Published on June 08, 2023
“Literacy” generally refers to the ability to write and read, but when you fix the word “digital” before it, it encompasses much more. Of course, reading and writing are still the heart of digital literacy.
So considering the new ways we now use technology to communicate and receive information, digital literacy encompasses many skills, from reading on kindle to sharing YouTube videos, gauging a website’s validity, and uploading funny videos to being able to buy, sell and undertake financial activities to name but a few.
Digital literacy is using communication and information technologies to create, communicate, source content, and evaluate information that requires non-technical and cognitive skills.
Digital literacy is a skill set used to navigate the modern technology paradigm in which any society operates. If anyone wants to be an effective learner in an efficient online environment, it’s incredibly beneficial to be digitally literate.
Know that digital literacy differs from regular offline literacy, which entails writing, syntax, reading, and grammar. There are various digital literacy competencies, some of which are;
1) Privacy: the ability to effectively protect your privacy online.
2) General Knowledge: learning the overall basics of digital devices.
3) Work and Creative Expression: the use of digital skills to express your creativity and work better.
4) For Everyday Use: to be able to use devices daily.
5) Processing Information: using technology to amass data, information, and research.
6) Collaboration And Communication: using technology to effectively share, collaborate, and communicate with people in the technological world.
7) Awareness: it involves the ICT role in society and its significant impact.
8) Ethical and Legal Practices: the ability to use digital platforms in a socially responsible way that includes understanding set laws around using the internet and various digital devices.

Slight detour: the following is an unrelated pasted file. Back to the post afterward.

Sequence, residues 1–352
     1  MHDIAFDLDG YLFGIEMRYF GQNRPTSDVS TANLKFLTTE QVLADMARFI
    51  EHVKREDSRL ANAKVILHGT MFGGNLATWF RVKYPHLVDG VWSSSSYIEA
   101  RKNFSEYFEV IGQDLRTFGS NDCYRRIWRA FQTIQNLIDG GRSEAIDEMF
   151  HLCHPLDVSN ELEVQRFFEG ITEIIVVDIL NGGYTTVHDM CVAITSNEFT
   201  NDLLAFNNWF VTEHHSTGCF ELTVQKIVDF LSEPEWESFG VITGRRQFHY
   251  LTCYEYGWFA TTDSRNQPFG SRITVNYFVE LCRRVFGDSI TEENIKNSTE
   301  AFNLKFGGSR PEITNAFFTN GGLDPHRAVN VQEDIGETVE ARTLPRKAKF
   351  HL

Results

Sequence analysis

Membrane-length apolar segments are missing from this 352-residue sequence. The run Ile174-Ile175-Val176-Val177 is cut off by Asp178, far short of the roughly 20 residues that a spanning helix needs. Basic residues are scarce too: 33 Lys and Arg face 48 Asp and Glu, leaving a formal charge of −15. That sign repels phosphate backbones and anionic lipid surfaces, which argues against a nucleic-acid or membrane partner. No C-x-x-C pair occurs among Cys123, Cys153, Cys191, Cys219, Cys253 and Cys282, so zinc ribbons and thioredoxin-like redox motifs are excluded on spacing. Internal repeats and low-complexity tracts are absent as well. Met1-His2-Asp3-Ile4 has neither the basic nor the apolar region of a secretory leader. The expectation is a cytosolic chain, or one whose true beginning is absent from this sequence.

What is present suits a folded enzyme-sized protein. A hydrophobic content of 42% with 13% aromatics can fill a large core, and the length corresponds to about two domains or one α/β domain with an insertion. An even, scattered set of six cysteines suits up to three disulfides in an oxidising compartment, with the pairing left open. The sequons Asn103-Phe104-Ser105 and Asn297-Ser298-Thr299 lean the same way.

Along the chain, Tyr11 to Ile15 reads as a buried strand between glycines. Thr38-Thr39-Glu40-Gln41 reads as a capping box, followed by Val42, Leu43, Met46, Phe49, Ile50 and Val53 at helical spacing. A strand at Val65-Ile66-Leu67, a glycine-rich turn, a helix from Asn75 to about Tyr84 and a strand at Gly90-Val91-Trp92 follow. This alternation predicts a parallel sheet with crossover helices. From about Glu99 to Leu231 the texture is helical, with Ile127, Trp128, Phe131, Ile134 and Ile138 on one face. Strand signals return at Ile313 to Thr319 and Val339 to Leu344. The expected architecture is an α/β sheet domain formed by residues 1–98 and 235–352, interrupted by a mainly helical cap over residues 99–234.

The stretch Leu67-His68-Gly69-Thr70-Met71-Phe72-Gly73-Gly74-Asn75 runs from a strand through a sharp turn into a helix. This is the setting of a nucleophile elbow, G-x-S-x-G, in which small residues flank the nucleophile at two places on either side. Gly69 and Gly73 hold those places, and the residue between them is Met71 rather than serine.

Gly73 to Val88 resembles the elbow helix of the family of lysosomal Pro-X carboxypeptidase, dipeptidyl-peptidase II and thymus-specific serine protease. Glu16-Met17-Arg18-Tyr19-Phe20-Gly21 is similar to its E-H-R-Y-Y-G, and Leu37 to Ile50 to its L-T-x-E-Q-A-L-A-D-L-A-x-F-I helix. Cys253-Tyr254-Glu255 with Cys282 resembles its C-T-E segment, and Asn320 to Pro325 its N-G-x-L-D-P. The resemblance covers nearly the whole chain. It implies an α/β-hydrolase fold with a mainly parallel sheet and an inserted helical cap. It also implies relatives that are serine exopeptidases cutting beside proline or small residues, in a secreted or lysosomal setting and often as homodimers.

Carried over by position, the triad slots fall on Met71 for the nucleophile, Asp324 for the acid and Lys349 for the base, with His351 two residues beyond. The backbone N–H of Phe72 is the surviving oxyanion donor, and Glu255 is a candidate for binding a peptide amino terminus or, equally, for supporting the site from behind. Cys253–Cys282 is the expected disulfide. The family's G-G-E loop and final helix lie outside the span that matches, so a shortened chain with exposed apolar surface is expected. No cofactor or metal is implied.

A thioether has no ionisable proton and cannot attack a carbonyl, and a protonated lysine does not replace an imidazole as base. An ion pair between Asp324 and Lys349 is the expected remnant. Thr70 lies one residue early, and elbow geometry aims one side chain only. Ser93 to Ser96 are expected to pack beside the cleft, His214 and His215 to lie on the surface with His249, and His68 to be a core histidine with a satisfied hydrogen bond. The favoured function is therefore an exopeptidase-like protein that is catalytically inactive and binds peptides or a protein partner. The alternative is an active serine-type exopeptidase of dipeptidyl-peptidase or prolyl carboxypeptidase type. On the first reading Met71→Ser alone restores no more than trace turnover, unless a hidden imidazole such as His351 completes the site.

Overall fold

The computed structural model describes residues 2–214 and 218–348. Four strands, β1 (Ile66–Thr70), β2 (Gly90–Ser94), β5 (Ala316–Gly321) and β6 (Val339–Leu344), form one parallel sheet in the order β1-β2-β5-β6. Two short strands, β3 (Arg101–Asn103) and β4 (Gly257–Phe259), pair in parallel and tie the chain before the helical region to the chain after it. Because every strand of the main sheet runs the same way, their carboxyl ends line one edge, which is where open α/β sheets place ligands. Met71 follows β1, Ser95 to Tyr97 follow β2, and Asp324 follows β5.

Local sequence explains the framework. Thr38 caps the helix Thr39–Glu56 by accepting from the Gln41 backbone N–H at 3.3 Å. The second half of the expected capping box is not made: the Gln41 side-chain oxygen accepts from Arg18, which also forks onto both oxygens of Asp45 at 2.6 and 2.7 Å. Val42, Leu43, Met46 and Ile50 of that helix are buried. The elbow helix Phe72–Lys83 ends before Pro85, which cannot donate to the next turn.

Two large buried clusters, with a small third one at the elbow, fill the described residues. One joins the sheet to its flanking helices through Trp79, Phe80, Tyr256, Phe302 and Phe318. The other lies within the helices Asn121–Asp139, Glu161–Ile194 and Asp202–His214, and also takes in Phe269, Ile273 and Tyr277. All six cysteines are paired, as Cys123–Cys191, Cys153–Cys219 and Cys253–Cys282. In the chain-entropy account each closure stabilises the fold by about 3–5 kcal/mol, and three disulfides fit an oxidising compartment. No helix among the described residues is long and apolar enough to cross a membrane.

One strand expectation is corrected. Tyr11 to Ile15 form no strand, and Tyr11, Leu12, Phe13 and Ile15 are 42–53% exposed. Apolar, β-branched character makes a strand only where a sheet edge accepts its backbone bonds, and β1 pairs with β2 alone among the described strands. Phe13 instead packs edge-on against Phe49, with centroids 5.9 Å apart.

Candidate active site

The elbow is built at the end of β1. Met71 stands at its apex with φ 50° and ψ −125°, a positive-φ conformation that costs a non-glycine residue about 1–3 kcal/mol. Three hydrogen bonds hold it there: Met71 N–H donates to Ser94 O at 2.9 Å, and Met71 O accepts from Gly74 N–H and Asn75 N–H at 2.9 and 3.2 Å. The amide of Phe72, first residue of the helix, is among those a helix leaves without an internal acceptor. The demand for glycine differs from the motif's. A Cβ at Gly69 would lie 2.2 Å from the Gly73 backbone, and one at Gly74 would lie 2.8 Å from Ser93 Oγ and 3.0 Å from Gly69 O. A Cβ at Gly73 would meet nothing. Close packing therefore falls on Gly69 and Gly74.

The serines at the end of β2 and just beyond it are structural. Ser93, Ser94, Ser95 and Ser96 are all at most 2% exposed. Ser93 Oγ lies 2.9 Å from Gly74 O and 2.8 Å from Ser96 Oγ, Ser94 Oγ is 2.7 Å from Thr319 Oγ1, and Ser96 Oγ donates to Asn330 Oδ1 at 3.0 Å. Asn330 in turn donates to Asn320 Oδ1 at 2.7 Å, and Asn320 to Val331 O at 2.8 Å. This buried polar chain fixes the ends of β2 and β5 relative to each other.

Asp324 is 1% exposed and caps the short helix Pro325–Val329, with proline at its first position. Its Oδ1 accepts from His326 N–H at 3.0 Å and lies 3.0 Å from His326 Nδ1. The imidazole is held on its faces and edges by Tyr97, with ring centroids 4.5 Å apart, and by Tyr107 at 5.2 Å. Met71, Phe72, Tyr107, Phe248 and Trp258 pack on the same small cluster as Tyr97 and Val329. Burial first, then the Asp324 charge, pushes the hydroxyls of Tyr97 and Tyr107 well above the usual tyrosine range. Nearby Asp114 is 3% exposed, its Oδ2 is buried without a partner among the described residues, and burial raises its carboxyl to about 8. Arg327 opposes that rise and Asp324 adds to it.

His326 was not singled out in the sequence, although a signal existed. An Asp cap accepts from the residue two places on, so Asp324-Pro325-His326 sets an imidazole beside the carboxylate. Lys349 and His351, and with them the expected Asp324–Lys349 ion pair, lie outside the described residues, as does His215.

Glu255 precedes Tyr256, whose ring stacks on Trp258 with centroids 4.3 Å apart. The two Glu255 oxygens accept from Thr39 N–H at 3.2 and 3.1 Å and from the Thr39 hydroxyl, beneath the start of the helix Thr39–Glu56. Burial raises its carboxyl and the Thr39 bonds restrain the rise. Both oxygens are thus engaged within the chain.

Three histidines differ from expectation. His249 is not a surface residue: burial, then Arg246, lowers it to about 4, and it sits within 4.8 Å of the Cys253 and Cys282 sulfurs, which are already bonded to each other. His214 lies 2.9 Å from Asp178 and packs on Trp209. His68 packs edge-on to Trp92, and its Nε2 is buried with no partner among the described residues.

9) Seamless Use: being able to creatively and confidently use technology to increase efficiency and effectiveness.
10) Always Learning: it involves familiarizing and getting comfortable with uprising technology at all times.
11) Information and Appropriate Digital Technologies: awareness of standard and relevant technologies.
Importance Of Digital Literacy
1) Make Connections: with digital literacy, you can make connections with family, friends, and colleagues. All of these are the primary reason why many people get online. You can begin by setting up an email account, and social media accounts on various social media platforms like Instagram or Facebook and signing up for video calling services like Skype.
These communication channels allow you to reconnect with people you haven’t seen or spoken to in a long while.
2) Get a Job: the traditional method of showing up at an organization with your résumé in your hand or a file is no longer an accepted method of getting a job. Just like other things, employment has also moved online.
Many organizations now accept résumés online; some allow you to submit them through emails, while some set up their applications form online.
For example, with LinkedIn, you can set up an online professional profile.